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Originally published March 13, 2013 at 3:35 PM | Page modified March 15, 2013 at 3:08 PM

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Corrected version

Editorial: Lawmakers favor gun lobby over voters on background-check bill

The state House, which failed to advance a gun buyer background-check bill, should follow the will of the voters, not gun-industry lobbyists.

Seattle Times Editorial

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AFTER the 1999 massacre at Columbine High School, Colorado closed the “gun show loophole.” This week, eight months after the massacre at Century Aurora 16 cinemas, the Colorado Senate passed limits on ammunition magazines, banned gun ownership for alleged domestic abusers and expanded background checks to private gun sales.

That legislative action — in a state with similar politics — is a stark contrast to the failure of the state House of Representatives Tuesday to vote on a well-crafted proposal for universal background checks. Some less-controversial gun bills are still alive.

Our miserable litany of massacres — at Cafe Racer, at the Lakewood Forza coffee shop, in Alger, Skagit County, on and on — make gun control a ripe issue for voters. A recent Elway Poll found 79 percent support for universal background checks. A national poll finds an astonishing 91 percent support for mandatory background checks at gun shows.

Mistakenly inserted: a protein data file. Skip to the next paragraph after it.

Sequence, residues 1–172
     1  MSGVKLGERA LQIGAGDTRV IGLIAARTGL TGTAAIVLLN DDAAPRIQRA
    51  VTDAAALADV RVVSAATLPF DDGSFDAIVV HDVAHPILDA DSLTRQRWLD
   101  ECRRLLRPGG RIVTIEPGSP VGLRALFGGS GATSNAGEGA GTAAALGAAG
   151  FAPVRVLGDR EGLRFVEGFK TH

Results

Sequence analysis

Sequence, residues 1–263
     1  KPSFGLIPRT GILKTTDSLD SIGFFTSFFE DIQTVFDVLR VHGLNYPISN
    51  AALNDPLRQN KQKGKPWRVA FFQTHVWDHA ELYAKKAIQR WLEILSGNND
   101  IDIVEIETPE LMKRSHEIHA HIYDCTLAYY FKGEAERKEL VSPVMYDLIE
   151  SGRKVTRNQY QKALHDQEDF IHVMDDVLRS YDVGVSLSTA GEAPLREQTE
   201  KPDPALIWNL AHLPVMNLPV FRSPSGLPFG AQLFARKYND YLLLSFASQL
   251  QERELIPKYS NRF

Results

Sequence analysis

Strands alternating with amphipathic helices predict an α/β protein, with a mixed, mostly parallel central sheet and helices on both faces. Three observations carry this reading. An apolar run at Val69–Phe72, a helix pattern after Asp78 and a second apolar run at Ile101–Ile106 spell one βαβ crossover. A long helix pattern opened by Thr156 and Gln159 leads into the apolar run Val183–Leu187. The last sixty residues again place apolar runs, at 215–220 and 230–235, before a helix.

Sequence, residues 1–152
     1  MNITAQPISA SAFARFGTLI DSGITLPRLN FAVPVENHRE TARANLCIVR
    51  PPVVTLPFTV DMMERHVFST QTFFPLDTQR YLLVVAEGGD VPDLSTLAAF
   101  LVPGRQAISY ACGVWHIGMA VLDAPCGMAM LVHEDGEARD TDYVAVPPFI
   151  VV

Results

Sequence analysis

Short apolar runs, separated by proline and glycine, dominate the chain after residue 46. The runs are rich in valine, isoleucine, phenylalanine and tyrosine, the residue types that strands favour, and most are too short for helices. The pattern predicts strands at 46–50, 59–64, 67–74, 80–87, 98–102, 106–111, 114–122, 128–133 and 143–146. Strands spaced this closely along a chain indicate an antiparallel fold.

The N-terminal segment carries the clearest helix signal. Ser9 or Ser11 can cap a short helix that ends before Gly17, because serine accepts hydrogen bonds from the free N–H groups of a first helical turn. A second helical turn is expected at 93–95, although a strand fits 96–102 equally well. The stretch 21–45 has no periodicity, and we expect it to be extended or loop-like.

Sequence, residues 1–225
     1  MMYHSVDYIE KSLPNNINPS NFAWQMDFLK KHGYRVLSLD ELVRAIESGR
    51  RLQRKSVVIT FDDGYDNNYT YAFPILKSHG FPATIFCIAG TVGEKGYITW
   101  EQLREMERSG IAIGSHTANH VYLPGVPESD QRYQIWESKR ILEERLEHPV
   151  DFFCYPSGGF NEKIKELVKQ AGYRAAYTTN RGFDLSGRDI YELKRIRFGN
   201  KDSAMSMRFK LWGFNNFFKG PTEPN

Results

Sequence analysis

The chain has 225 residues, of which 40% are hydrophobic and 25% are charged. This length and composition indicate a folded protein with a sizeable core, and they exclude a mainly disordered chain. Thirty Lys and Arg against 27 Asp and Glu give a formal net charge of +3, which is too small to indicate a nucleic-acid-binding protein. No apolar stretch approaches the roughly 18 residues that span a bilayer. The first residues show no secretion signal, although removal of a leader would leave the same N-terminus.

Instead, lawmakers heeded gun-industry lobbyists, not the people.

The failed legislation, House Bill 1588, would not prevent all massacres. But the polls show an electorate willing to begin resetting the balance between the Second Amendment and easy access to guns.

Gun-control opponents fear background checks will create a de facto gun registry that could lead to confiscation, which could lead to tyranny. HB 1588, sponsored by Rep. Jamie Pedersen, D-Seattle, advanced a more rational argument. A gun buyer who checks out can buy a gun.

Rep. Mike Hope, R-Lake Stevens, a Seattle police officer, was one of only two Republicans to co-sponsor HB 1588. He was deluged with hate mail, orchestrated by the gun lobby. Gun-control advocates should remember his courage next election.

There may be other quiet supporters in his caucus. Voters will want to know.

A tally should be public, either in a floor vote or a letter circulated among lawmakers. If possible, revive HB 1588 through the budget process. Gov. Jay Inslee pledged to sign it.

But if the Legislature is unable to lead, the new Washington Alliance for Gun Responsibility has a ripe issue to advance via initiative. Voters seem ready.

This editorial, originally published on March 13, 2013 at 3:35 p.m., was updated on March 15, 2013 at 3:08 p.m. The earlier version contained a photo caption that incorrectly stated that two Republicans supported the bill. One Republican supported the bill.

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